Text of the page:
A prominent marker of an alternative vision: the Gordon Wilson Flats

Urban historian Ben Schrader has been vocal in his support for Wellington’s Gordon Wilson Flats. His research into the social history of the building supported the Architectural Centre’s appeal against removing the heritage status of the Gordon Wilson Flats from the Wellington District Plan, which would have facilitated the building’s demolition. His work has shown…

We Walk into the Future Facing the Past

Today we are publishing a guest post by researcher Dr Emma Jean Kelly about the recent restructuring of Ngā Taonga Sound & Vision, Ngā Kaitiaki o Ngā Taonga Whitiaahua me Ngā Korero, and the series of losses it brought about. I’ve had some disagreements in the last year or so with Ngā Taonga Sound & Vision,…

New managers for old places

Back during the dark days of the 1980s privatisation of New Zealand government departments, many historic buildings spent time in limbo, as the government decided who was to manage them in the future, particularly those which had been previously been cared for by the old Ministry of Works, which was being disestablished, including Wellington buildings…

He Tohu – A Declaration | A Treaty | A Petition

Today we are publishing a review of the new He Tohu exhibition at the National Library by historian Jock Phillips, written especially for this blog.  Jock has been New Zealand’s Chief Historian and editor of Te Ara Encyclopedia, among many other achievements, and we are grateful he took the time to write this for us. Last month…

Erskine #5 – June 2017

When I turned up at the Environment Court last week to hear the latest arguments in the Erskine saga, all was quiet.  It turns out that the parties were in mediation, which is a mile better on from where they were previously – even the Environment Court judge dealing with the case, who must see…

Heritage at Risk

It is unusual for public servants in New Zealand to publicly challenge members of the public or private companies for not looking after their heritage buildings.  It is perhaps our attitude of ‘a man’s [sic] house is his castle’ which is behind our culture of allowing owners to do virtually anything they want to virtually any building…

Erskine College #4

Further developments on Erskine are afoot.  As discussed in the last update we wrote in January 2017, the owner of the site in Island Bay, The Wellington Company, has applied for consent from the Save Erskine College Trust (SECT) to develop the site and demolish the buildings. In April 2017, SECT turned this down.  SECT has employed Victoria University architecture lecturer Christine McCarthy to…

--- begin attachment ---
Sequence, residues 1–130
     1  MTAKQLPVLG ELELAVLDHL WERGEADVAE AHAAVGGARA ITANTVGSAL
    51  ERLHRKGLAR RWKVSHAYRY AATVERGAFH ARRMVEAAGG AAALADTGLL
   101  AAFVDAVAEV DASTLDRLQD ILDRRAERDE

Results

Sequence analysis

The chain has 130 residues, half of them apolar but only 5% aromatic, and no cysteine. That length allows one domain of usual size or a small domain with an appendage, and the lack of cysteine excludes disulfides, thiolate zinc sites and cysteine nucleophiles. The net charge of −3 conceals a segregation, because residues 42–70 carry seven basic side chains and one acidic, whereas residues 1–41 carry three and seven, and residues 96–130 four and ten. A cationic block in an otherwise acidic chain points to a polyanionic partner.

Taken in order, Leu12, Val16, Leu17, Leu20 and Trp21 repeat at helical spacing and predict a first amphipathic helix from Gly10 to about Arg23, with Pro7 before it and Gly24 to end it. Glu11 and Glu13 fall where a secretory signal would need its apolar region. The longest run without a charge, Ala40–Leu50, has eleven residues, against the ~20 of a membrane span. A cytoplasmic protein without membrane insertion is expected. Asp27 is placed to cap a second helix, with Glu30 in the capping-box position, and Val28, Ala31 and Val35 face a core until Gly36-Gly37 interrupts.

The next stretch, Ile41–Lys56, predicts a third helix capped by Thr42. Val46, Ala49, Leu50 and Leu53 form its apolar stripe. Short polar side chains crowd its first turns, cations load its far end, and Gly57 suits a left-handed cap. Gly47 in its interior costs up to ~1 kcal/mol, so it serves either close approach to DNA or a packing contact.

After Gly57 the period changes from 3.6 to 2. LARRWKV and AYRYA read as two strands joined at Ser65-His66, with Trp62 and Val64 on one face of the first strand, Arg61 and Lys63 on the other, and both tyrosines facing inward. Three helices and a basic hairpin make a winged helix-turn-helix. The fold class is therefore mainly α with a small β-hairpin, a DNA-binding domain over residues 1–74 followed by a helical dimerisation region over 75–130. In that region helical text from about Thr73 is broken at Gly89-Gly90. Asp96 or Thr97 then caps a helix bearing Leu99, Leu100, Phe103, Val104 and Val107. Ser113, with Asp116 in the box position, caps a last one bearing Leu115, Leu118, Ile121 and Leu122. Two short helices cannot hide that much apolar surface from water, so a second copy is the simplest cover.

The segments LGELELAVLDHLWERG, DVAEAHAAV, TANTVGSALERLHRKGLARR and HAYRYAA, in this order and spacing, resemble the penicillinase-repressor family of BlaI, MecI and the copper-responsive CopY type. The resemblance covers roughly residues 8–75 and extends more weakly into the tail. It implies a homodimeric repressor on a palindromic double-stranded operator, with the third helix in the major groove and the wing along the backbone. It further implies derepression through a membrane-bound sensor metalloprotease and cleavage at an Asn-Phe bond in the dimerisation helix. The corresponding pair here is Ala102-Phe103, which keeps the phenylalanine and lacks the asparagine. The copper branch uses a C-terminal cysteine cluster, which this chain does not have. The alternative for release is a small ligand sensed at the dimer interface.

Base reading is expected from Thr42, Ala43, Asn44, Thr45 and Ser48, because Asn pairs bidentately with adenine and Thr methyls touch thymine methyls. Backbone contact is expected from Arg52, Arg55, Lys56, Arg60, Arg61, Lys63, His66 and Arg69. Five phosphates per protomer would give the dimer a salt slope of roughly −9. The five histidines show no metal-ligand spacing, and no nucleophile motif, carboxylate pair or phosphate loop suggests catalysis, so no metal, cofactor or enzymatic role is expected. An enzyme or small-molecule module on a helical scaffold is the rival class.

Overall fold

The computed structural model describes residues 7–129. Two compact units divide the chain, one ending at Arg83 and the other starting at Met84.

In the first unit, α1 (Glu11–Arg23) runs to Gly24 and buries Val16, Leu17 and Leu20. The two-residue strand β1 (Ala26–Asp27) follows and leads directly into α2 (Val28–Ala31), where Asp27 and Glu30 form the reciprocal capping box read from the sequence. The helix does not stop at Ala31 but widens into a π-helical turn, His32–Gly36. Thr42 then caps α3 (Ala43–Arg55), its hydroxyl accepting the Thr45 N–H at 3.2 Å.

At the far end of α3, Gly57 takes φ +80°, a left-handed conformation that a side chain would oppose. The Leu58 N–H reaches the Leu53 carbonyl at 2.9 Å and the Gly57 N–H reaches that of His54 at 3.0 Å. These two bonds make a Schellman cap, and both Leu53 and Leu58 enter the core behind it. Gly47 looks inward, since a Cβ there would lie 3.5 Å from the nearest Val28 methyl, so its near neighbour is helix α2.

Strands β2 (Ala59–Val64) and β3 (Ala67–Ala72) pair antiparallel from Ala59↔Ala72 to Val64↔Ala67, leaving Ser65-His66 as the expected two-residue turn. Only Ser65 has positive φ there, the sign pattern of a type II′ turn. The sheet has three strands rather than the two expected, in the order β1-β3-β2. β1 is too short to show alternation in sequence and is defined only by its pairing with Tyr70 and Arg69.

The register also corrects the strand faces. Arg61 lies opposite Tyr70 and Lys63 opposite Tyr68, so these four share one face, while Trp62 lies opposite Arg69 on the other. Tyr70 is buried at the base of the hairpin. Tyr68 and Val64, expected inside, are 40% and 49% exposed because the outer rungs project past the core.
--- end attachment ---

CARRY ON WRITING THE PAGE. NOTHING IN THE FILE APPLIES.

Further Grants for Wellington buildings

The most recent awards from the Wellington City Council to fund strengthening or restoration work on listed heritage buildings brought to mind this photo, one of my recent favourites.  This is the team of police based at the Wellington Mount Cook police station in Buckle Street, taken in the courtyard behind the building.  Spot the two men…

Pots of Money

One of the positives of writing this hertiage blog has been reporting on the Wellington City Council’s Built Heritage Incentive Fund and the interesting projects that it has supported, such as the Futuna Chapel, the Wedge in Thorndon and the railway houses in Tarikaka Street, in Ngaio. In a city like Wellington, where heritage is constantly…

A Conversation with Heritage Architect Lianne Cox

For the latest of our guest articles by students and graduates of the Museum and Heritage Studies programme at Victoria University of Wellington, Rebecca Ford talked to award-winning heritage architect Lianne Cox. ‘Significance’ is a heavily used term in heritage management. It can sometimes be hard to remember that it’s not an abstract term. Not so, it would…

Church and Earthquakes

In the next of our guest posts, Max Reeves, a student of Victoria University of Wellington’s Museums and Heritage Studies programme, writes about two small churches affected by the November 2016 earthquakes.   One of the joys of travelling through small town New Zealand is the cosy, picturesque Gothic revival churches which pop up in seemingly every…

‘I have set up shop!’: Mary Taylor in Wellington

In order to mark International Women’s Day, it’s time to honour one of New Zealand’s first and most forthright feminists, and her connection to a prominent corner of Wellington. The work going on on the corner of Cuba Street and Dixon Street in Wellington, is transforming what was Te Aro House (but which I can’t help of…